Secondary sanctions aimed at major pipeline projects and related activities.

Another key development is the creation of a “secondary sanctions” regime for significant investments in or activities related to Russia’s energy export pipelines. The Act authorizes the President to impose penalties on Russian or non-Russian entities that provide significant support to certain pipeline-related activities, even if there is no US nexus. More specifically, the President may impose sanctions on persons determined to have (1) made investments that significantly contribute to Russia’s ability to construct energy export pipelines; or (2) provided Russia with goods, services, technology or support for the construction of Russian energy export pipelines, in both cases, where the investment or support are valued at least US$1 million (or US$5 million over 12 months). Although the bill states that the President must impose any such sanctions “in coordination with allies of the United States,” it is unclear what this will mean in practice, and the EU has already expressed concerns about the effects of this provision on the energy independence of EU member states, discussed further below.

The practical impact of these sanctions might not be known until the administration begins to interpret or implement the sanctions, or until the President decides to use his discretion to designate parties under these sanctions. The mere threat of becoming sanctioned, however, could in the meantime have a commercial impact on companies with activities related to Russian energy export pipelines.

The menu of secondary sanctions penalties that may be imposed by the administration is broad and includes blocking, a prohibition on US banking transactions, a prohibition on US foreign exchange transactions, a prohibition on US persons investing in or purchasing debt or equity interests of the sanctioned person and exclusion from the US of any non-US person corporate officer, principal or controlling shareholder of the sanctioned person. Additionally, any of the sanctions in the list of potential secondary sanctions penalties can be imposed on the principal executive officers of the sanctioned entity.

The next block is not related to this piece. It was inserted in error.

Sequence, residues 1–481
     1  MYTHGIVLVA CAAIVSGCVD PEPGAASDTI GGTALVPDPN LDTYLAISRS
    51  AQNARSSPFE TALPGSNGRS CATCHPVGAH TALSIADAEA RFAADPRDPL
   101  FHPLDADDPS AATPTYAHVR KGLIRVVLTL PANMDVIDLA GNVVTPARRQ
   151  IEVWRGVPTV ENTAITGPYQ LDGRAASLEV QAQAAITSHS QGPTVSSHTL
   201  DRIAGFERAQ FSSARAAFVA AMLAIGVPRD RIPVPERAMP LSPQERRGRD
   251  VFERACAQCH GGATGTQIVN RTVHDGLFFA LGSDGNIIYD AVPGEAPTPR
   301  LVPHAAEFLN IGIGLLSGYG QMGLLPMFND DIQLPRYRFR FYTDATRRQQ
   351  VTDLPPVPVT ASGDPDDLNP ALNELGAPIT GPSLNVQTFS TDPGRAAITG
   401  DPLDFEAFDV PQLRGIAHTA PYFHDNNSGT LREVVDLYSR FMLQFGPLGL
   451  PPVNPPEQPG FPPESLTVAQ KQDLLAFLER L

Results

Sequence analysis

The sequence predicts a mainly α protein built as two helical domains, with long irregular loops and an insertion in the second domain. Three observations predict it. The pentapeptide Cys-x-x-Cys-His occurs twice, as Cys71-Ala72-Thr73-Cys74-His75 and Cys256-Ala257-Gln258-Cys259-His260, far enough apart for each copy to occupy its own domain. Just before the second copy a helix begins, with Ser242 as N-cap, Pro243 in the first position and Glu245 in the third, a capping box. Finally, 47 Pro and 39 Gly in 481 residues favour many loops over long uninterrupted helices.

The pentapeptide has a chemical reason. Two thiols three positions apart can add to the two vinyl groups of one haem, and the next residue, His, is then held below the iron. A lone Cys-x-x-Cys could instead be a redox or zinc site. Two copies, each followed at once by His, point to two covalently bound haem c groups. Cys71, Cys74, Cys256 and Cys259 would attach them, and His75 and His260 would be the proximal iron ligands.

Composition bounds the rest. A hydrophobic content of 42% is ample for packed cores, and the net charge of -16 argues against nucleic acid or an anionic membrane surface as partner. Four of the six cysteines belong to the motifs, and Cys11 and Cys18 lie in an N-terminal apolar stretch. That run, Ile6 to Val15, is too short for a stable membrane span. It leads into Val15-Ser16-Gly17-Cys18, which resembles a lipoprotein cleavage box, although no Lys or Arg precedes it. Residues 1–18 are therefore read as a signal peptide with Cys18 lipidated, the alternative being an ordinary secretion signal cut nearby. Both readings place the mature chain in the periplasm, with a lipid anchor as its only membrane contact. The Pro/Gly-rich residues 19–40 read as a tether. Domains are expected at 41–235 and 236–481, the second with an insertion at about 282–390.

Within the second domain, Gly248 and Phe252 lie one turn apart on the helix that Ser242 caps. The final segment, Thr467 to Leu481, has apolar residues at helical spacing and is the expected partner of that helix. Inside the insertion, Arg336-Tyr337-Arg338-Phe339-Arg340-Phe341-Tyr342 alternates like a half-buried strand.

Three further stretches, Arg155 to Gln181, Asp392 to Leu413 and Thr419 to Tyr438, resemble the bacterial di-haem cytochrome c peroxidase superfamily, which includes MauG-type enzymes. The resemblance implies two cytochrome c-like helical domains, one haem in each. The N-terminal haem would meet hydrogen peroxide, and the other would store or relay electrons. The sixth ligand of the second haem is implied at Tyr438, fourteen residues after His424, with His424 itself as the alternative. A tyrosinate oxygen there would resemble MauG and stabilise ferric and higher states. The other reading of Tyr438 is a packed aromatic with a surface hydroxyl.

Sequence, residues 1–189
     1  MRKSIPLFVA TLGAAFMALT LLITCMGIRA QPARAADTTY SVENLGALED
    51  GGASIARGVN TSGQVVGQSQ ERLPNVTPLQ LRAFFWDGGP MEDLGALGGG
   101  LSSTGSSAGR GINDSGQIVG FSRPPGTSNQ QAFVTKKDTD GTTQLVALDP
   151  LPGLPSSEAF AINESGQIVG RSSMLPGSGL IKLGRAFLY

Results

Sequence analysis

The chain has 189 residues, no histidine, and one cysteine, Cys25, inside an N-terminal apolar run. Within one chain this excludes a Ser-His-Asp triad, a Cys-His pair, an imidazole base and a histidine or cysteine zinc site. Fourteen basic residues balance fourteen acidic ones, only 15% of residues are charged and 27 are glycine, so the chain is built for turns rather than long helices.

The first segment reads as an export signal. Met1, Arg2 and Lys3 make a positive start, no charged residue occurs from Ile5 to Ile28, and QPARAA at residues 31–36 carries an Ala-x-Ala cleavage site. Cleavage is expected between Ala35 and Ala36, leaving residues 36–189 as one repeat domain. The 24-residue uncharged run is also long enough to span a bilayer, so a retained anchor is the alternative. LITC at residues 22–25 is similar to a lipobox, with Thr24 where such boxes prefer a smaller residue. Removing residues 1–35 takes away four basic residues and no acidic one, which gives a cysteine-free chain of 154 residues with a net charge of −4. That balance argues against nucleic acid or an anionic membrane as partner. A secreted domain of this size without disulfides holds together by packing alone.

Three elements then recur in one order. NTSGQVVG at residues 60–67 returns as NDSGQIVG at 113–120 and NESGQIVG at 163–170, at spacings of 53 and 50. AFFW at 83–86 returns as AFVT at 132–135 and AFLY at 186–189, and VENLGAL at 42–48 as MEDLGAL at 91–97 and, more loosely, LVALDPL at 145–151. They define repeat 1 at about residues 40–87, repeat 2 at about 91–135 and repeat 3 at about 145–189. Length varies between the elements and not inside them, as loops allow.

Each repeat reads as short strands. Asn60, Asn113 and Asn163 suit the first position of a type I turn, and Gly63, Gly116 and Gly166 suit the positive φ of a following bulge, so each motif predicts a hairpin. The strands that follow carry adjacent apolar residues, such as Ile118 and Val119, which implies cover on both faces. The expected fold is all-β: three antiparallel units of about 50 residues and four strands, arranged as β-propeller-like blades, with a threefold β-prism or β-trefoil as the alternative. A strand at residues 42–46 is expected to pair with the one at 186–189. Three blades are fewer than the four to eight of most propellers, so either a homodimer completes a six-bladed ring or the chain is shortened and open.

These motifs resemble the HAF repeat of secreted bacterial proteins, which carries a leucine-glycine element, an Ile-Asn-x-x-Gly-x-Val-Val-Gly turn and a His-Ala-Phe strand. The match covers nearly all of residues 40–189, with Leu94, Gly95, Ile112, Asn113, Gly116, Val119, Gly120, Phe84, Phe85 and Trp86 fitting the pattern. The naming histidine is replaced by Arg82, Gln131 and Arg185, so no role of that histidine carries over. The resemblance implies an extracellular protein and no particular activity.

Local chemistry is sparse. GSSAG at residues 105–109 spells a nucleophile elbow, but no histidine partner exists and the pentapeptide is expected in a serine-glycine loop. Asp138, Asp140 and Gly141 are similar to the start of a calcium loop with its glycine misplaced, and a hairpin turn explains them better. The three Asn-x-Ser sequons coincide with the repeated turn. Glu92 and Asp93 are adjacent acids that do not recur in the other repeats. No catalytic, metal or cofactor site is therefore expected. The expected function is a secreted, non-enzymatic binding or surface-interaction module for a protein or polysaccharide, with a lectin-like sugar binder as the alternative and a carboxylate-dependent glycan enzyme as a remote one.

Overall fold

Potential challenges to European energy independence and the risk of EU countermeasures.

The EU has expressed concerns that the Act could impact Europe’s energy independence. While some of the concerns voiced by EU representatives appear to have been taken into account by Congress during the legislative process, the final version of the Act nevertheless provides for the imposition of sanctions on any person or entity – including any European company – that undertakes certain activities related to the development, maintenance, modernization or repair of energy export pipelines by Russia.

Depending on the specific manner in which the Act is implemented, such restrictions could negatively affect infrastructure or projects for transporting energy resources to Europe, such as, for example, the maintenance and upgrade of pipelines in Russia that feed the gas transit system to the EU. The new US measures could also potentially have an impact on projects central to the EU’s diversification objectives, such as the Baltic Liquefied Natural Gas project.

Several representatives of the EU and certain member states such as Germany, Austria and France have called for EU and US unity on economic sanctions and close coordination to ensure the full implementation of the Minsk Agreements to resolve the crisis in Ukraine. Over recent weeks the EU has raised these concerns via diplomatic channels, and EU representatives have stressed that they “stand ready to act appropriately within a matter of days,” including, possibly, by responding with retaliatory measures. Speaking after the Act was signed into law, Jean-Claude Juncker, the President of the European Commission, warned that the EU would take counter measures if the US sanctions harmed European companies involved in oil and gas projects with Russia.

Historically, certain unilateral US sanctions have been the subject of EU blocking statutes, which make it illegal for EU companies to comply with the sanctions. Other measures reportedly being considered by the EU include making a complaint to the World Trade Organization with a view to frustrating the purpose of the Act.

However, not all EU member states oppose the new US sanctions. For example, Lithuania’s President, Dalia Grybauskaite, is reported as having welcomed the challenge to Russia’s energy power in the region. Similarly, the Polish foreign ministry has publicly lauded the Act.

The EU position and response (if any) may well turn on how the President's administration implements the new measures and the degree to which European actors are impeded by new sanctions.

New Russia sanctions programs are designed to pressure the President to act on significant political issues.

The Act also creates a number of new designation-based sanctions programs on Russia. Although the Act states that the creation of the sanctions programs is mandatory, the President has discretion as to how, and to what extent, the sanctions programs will be implemented. We note that the first three sanctions programs listed below target not only the specified Russian activities, but also appear to target any persons engaged in “significant” related activities. Key mandatory sanctions include: